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*FERRARO D;SERVIDIO, SERGIO;CARBONE V;GAUDIO, Roberto*

##### 2015-01-01

#### Abstract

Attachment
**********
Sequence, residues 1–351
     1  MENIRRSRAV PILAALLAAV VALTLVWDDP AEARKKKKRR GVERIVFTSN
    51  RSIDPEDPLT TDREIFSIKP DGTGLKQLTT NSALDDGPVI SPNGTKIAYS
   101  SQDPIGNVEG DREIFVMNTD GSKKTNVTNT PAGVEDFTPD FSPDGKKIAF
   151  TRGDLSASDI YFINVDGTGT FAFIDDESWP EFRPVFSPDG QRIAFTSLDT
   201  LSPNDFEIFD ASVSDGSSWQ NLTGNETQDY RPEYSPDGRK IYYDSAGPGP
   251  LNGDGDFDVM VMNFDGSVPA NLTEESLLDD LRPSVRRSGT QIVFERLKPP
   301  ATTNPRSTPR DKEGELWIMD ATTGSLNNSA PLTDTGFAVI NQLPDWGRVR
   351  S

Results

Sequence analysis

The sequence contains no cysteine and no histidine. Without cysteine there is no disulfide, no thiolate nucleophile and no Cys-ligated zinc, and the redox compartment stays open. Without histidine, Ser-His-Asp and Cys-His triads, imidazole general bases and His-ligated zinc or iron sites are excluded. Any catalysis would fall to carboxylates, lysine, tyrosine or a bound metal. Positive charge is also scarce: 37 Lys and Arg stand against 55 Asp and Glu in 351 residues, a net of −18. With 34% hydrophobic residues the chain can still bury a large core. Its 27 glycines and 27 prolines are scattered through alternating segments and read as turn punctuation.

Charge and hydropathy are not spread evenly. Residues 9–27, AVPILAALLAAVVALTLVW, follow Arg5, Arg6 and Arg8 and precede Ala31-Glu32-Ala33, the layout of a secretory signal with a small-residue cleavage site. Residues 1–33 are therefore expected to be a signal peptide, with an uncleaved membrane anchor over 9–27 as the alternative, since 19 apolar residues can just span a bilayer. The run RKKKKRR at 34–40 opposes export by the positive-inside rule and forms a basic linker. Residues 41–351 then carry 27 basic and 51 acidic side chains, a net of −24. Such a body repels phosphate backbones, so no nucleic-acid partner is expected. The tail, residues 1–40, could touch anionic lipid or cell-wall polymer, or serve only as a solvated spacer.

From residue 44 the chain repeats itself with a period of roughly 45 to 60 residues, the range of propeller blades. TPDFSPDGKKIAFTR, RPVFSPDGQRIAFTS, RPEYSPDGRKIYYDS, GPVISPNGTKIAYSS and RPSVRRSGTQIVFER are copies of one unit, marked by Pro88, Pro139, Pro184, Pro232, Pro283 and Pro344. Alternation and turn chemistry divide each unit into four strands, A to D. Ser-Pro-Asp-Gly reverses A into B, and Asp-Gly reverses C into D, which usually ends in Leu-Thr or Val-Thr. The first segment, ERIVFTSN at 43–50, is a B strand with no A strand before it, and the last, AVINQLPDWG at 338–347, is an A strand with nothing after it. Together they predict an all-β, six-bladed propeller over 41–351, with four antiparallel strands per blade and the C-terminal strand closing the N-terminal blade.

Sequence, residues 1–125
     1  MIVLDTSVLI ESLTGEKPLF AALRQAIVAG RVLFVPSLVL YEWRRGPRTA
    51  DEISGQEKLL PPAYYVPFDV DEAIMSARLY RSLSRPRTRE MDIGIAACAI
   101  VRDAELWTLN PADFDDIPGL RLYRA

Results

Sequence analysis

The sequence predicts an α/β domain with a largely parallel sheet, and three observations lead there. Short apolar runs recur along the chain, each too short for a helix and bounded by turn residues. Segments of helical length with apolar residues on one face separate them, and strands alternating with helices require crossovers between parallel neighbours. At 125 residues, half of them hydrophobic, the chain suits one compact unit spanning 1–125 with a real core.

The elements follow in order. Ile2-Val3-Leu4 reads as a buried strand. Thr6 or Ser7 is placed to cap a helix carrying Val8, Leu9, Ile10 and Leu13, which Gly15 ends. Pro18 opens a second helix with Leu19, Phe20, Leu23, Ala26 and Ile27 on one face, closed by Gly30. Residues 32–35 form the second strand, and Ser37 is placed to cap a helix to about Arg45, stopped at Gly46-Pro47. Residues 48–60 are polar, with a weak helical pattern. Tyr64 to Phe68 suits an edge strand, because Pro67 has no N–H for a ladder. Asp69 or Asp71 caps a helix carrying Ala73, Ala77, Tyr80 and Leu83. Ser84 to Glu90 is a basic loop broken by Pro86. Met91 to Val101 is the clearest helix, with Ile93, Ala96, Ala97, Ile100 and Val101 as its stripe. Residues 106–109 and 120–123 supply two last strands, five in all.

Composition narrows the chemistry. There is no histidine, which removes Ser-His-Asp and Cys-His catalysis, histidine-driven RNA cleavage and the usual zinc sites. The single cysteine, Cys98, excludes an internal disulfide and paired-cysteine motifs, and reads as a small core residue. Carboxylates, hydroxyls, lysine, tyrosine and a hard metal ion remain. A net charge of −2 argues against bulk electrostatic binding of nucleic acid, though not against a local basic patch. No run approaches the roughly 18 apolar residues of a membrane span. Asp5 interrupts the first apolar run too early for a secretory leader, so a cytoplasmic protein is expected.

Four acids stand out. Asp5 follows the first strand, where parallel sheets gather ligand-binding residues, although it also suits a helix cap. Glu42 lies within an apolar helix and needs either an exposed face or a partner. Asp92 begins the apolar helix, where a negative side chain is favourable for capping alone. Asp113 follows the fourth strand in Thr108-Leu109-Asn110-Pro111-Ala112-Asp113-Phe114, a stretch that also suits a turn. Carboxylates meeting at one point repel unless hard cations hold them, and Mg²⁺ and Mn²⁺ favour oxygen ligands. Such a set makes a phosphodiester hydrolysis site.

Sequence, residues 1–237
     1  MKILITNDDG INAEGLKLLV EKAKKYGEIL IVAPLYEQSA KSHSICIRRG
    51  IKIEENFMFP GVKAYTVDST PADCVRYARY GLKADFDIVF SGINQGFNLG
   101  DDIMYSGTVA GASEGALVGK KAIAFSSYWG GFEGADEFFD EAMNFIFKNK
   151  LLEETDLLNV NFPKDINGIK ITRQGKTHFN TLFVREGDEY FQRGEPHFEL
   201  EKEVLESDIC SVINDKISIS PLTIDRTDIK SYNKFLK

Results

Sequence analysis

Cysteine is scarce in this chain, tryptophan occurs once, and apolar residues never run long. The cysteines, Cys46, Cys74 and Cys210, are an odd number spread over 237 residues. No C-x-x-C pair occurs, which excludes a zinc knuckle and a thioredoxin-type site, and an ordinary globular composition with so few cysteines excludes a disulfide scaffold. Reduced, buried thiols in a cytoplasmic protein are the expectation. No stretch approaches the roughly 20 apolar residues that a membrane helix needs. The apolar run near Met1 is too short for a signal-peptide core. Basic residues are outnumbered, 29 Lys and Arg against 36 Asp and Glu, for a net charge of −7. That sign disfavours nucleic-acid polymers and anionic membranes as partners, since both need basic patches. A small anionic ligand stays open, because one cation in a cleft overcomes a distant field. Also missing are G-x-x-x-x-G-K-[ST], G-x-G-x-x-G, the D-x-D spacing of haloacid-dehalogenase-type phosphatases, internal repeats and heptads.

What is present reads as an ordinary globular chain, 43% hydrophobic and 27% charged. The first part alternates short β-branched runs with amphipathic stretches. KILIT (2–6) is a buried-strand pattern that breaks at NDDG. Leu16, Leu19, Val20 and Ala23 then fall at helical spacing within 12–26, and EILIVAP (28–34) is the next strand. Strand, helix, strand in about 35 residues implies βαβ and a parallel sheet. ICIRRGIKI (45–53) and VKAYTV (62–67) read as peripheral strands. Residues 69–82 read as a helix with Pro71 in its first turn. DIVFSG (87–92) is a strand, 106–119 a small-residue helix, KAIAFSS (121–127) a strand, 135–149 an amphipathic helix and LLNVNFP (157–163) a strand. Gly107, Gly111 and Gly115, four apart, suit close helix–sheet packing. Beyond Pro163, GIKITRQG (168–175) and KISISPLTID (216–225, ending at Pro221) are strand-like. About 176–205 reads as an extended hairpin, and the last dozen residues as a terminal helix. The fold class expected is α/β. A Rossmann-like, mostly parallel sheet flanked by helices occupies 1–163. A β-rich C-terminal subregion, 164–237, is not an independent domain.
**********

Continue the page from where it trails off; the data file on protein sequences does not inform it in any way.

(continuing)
Natural streams can be classified as hydraulically rough-bed flows, and they represent one of the most complex issue of hydrodynamics. Although the dynamics of such flows has been extensively modelled in the past century, there are still many unsolved problems that need to be addressed with the support of theory, simulations and realistic experiments. In the past decades, new techniques and models have been proposed for the study of these turbulent systems, such as the well-known Reynolds time-Averaged Navier-Stokes (RANS) technique. More recently, the classical RANS equations have been combined with a spatial ensemble of the measurements. This technique, proposed for hydrodynamics in the pioneering work by Nikora et al. (2001), is known as the Double-Averaging Method (DAM). The DAM allows a general characterization of the macroscopic behaviour of rivers and channels, providing information about the mean flow profile as a function of the water depth, making use of the double-averaged turbulent stresses. In this preliminary work, we present an experiment on a turbulent flow on a rough bed, performed at the Laboratorio di Grandi Modelli Idraulici (Dipartimento di Ingegneria Civile, Università della Calabria, Italy). Results were analysed through the DAM, and the vertical distribution of the average Reynolds stresses, as well as the velocity profiles, were obtained, showing a good agreement with the existing literature. Moreover, we combined the DAM with an accurate estimate of the turbulent dissipation rate, ε, making use of the Kolmogorov 4/5 law. In the following paragraphs, the experimental facility is described, the double averaged profiles are computed and, finally, an estimate of ε is obtained. Experiments were conducted in a 1.00 m-wide, 0.80 m-deep and 16.00 m-long tilting flume with rectangular cross-section with longitudinal slope of 0.0025. A honeycomb was placed at the flume entrance, in order to regularize the flow. The test section was at 10.00 m from the inlet. A random spreading process was used to create the gravel bed. The sediments adopted were non-regular natural pebbles with median size d50 ≈ 70 mm spread in four layers. The bed surface framed in a square sampling box (0.5 m x 0.5 m) was acquired with a Laser Scanner by Minolta, Model Vivid 300. The scanned image is shown in Fig. 1(left), while Fig. 1(center) presents the roughness geometry function defined as φ(z)=A(z)/A0 where A(z) is the area occupied by fluid at z and A0 is the area of the square sampling box (0.25 m2). A Vectrino four-beam down-looking Acoustic Doppler Velocimeter (ADV) probe by Nortek was used to measure the 3D instantaneous velocity components, with 100 Hz resolution; the acquisition period of 300 s was considered adequate in order to measure statistically independent quantities as suggested by Dey and Das (2012). To resolve the spatial heterogeneity, the time averaging is conceptually supplemented by the area averaging in the layer parallel to the mean bed surface, computing the turbulence characteristic as velocity moments. Hereafter, we use overbar to indicate time averages of a generic variable ( ), prime to indicate fluctuations in time ( ), and brackets for spatial averages ( ). A logarithmic trend was clearly identified in the range z/ = 2 to 4.5 ( being the roughness height), as shown in Fig. 1(right), in which u* is the shear velocity. At lower levels, a linear trend was observed, and below the crests the mean velocity was negligible, indicating the presence of stationary vortexes through the dip. Second order moments were reported in Fig. 2, namely u’2 (top-left), v’2 (top-right), w’2 (bottom-left), and the stress u’w’ (bottom-right). Each point indicates a measurement at a given z and x (open red circles), while the double-average is reported with a full blue line. It is worth noting that the experimental data is in agreement with previous works. As expected, the peak of fluctuations was observed near the crest level (z/≈ 2). Below this level, a trend similar to that of the roughness geometry function can be recognized. We applied the DAM to the power spectrum of the streamwise velocity u,I documenti in IRIS sono protetti da copyright e tutti i diritti sono riservati, salvo diversa indicazione.